Linework and Color restoration rating: 1 out of 5. The Detective Comics issues are an embarrassment. Seriously, this is comic book restoration amateur hour. The recoloring is harsh and sloppy, with cheesy gradient airbrush blends. Did DC hire first semester Photoshop students to do the recoloring here? It's that bad. The color palette isn't even close to the original publications, which is blasphemous. It's not like they did some bang up recoloring the material using the latest computer coloring techniques.

The linework is obliterated and/or pixelated, depending on the page. It's really sad, because these are such great issues. A few pages look okay, but the '70s issues are a hackjob in terms of restoration. I suspect that DC starts out with a price point in mind and then cuts any and all corners to meet that MSRP. This is because DC listens way too closely to the Direct Market. Nobody buys these books at comic shops for full cover price. These things are moved through online vendors, so when a shop owner tells DC “We can't move a book that costs $75”, DC cheapens their product to meet that $50 price point. Folks like myself who buy these high end hardcovers are put off by the cheapness of the restoration and materials, and they end up bailing on future purchases. Meanwhile, the $50 price point doesn't attract some mythological mainstream bookstore buyer or someone who buys floppies every week. It's the ultimate lose-lose scenario.
All of the recoloring looks garish compared to the original issues, and there are, shall we say, “liberties” taken throughout the book. Pick an issue, any issue, and you will see deviations from the original color palette. I will be laying awake in bed all night, counting the rotations of my ceiling fan as I try to fall asleep. Thanks a lot, DC.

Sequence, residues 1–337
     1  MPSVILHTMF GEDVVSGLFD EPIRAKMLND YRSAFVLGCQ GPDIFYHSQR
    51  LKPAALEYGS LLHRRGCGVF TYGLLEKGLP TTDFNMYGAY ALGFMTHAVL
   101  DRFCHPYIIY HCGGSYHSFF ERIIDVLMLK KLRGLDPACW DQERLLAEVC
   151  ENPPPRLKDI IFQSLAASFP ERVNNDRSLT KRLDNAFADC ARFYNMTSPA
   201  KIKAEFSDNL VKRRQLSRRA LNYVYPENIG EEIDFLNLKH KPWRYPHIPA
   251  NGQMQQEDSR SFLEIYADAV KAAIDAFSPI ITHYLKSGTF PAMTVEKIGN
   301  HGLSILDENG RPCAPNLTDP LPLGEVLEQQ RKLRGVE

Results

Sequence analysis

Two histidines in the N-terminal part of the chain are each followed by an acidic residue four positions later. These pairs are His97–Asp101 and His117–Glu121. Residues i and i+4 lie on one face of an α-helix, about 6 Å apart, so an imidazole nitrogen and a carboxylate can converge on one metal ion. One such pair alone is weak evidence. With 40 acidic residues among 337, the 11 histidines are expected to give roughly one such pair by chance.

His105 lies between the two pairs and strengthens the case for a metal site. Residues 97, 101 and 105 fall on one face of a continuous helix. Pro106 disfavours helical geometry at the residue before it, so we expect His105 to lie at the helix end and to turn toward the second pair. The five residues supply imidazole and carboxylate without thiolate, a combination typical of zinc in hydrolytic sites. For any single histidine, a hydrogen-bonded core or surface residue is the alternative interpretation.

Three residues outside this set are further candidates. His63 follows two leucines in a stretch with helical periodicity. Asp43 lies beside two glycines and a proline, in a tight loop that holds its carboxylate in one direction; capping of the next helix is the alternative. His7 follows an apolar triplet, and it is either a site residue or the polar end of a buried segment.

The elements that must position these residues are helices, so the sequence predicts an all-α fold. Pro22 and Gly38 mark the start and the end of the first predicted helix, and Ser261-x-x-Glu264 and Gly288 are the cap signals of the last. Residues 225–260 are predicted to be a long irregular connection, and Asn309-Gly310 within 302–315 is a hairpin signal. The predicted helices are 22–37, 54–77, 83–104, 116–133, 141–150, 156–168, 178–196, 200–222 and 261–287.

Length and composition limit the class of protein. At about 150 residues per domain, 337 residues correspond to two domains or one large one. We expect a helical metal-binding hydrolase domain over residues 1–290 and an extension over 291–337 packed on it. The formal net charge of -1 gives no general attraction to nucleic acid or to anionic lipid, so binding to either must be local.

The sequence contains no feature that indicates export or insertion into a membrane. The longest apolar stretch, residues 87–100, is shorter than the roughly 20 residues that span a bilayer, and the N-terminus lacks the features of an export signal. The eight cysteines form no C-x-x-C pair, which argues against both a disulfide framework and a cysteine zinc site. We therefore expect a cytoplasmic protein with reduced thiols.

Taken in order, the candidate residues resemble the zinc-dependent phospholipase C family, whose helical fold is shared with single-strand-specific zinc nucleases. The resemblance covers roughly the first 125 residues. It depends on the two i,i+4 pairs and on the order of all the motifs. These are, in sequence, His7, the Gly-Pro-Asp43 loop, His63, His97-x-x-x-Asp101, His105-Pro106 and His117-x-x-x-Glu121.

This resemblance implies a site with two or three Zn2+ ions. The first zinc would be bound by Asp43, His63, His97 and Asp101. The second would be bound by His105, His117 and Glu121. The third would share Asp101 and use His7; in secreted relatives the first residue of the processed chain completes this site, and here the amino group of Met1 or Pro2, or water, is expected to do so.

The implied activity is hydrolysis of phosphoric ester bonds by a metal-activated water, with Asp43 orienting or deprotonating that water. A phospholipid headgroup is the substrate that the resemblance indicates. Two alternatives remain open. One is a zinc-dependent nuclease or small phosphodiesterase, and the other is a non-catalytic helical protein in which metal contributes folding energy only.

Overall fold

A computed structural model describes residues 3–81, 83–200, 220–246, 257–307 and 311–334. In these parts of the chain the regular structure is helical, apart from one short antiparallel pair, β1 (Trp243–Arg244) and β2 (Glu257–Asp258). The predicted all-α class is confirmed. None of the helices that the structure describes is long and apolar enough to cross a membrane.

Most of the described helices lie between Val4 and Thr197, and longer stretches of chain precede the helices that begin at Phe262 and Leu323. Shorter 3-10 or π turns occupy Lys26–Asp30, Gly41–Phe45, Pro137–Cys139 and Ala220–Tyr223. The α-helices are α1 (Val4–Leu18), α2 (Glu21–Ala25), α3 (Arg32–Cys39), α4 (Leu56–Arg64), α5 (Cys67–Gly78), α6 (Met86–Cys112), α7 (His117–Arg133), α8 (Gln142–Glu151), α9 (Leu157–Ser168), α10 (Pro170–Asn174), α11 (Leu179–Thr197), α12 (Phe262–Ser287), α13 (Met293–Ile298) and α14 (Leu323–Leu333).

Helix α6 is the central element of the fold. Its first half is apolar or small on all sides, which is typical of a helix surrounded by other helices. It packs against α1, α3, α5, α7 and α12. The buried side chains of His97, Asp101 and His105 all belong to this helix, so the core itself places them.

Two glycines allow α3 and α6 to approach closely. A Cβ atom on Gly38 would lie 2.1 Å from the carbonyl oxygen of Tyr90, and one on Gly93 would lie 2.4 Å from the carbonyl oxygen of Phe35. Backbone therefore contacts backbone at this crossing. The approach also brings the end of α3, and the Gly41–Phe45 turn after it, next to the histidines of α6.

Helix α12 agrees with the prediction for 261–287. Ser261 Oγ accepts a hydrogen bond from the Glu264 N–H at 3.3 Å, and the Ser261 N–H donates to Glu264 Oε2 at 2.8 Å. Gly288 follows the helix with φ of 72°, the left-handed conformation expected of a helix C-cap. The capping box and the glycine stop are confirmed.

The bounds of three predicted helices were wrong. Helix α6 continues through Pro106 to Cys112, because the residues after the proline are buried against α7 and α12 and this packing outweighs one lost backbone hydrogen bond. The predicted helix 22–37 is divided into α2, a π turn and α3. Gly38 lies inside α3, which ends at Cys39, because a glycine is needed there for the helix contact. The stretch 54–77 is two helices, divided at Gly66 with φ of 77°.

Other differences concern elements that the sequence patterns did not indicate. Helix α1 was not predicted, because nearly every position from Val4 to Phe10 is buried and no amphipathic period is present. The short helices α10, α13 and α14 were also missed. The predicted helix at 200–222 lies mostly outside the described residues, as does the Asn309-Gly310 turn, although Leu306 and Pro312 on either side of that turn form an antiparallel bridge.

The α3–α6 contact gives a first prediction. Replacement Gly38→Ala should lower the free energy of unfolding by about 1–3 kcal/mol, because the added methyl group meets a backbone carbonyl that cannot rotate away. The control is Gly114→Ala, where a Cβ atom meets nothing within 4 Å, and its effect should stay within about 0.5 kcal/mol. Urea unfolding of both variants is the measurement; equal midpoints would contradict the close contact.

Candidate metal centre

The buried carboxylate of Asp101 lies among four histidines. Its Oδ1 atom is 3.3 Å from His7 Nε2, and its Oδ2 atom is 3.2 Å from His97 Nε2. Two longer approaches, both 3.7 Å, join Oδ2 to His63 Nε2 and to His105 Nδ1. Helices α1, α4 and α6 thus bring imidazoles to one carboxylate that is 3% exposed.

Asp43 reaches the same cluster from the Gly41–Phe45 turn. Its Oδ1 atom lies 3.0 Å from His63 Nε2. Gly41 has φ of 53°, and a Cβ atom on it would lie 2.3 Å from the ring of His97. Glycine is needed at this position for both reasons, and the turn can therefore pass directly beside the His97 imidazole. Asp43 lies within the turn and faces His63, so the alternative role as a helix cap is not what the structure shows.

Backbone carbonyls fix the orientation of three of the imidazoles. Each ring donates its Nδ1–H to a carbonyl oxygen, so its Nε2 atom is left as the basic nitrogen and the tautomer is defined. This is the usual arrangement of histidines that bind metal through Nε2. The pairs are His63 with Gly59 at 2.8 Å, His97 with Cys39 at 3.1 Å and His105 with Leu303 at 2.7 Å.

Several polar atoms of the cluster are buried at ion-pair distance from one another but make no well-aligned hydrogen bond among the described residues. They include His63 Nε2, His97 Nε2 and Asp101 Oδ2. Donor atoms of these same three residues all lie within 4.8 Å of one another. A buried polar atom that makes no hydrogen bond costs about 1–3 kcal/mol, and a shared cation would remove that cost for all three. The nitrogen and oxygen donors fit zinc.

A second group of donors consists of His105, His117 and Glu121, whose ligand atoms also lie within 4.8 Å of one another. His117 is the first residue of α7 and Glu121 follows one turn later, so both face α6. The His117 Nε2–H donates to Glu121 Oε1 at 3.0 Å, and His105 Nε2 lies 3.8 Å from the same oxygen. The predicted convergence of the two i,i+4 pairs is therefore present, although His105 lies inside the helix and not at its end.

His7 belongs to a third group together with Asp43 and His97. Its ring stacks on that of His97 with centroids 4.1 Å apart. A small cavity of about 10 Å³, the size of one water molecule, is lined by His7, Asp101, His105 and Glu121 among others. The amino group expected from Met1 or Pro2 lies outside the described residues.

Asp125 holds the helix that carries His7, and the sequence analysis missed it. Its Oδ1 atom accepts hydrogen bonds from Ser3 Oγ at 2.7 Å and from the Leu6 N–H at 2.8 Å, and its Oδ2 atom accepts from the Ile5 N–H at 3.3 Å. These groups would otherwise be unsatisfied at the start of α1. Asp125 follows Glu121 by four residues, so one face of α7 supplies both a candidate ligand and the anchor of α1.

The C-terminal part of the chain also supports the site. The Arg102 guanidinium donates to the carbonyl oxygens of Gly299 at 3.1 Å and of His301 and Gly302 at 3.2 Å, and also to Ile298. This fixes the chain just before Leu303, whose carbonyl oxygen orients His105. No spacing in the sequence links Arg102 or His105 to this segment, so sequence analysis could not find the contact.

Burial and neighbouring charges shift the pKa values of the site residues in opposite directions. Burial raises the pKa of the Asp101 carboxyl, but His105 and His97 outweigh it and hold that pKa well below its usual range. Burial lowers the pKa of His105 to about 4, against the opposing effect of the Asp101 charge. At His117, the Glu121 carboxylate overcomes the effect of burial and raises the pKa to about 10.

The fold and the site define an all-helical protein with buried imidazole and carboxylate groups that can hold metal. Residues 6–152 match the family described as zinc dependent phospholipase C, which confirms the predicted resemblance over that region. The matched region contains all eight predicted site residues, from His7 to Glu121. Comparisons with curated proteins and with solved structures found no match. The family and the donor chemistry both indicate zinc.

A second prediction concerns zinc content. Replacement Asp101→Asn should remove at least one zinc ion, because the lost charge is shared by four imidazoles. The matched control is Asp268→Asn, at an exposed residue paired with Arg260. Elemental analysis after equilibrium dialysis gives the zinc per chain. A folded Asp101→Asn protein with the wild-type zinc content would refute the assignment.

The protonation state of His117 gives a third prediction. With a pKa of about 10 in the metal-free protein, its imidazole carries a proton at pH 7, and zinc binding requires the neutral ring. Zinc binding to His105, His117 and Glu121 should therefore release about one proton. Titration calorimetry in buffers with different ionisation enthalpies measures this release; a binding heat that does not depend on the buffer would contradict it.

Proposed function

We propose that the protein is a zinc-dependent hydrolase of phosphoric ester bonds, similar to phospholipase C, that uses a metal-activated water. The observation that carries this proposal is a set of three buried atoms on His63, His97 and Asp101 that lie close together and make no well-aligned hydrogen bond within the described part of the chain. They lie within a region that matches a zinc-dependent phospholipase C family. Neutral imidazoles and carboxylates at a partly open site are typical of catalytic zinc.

Paper rating: 3 out of 5. DC used to use cheap mando paper in many of their “high end” hardcovers, which was laughable to those of us who buy tons of these books. So DC switched paper stock to super bright white, high gloss stock, which is even worse. While it is a good weight coated stock paper and is excellent for modern material with computer coloring, it fails miserable on the flat four color printing process material. The vintage material in this book looks positively garish, like Marvel Masterworks from 8-10 years ago.
Binding rating: 4.25 out of 5. Glued binding on so-called high end hardcovers is a complete joke. Having said that, this book lays reasonably flat, a feat even more remarkable when you consider that DC uses super squared, wedge-blocked hardbacks. It lays flat within the first and last 30 or so pages, which is again impressive considering how tight so many hardcovers with glued binding are.
The gutters are tight, a problem compounded by the glued binding and square block binding. The image actually curls around into the gutter, requiring you to tilt the book back and forth in order to see everything. This isn't a problem unless you try to, you know, read the words on the page.





6 comments:

  1. Replies
    1. If you are going to insult me, at least spell your ignorant slur correctly. Thank you.
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    2. LMAO! STFU, YOU FUCKING PIECE OF SHIT

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  2. Thank you for reviewing this and highlighting the shortcoming in this volume, saved me some cash. Crappy restoration drives me nuts and I would've been really pissed to see Rogers/Austin's line work ruined. Have you bought the Alan Davis volume? I wonder if it has the same problems.

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    Replies
    1. I do have the recalled/corrected version of the Alan Davis version. Buyer beware- some crooked retailers put it out on store shelves and sold it even though DC issued a recall because it was missing a page. The restoration looks good, but I won't be sitting down and comparing it with floppies until I read it.
      This Marshall Rogers book ticks me off. Like I said, once you get past the '70s stuff it's decent. Piss poor restoration like this should not be happening in this day and age.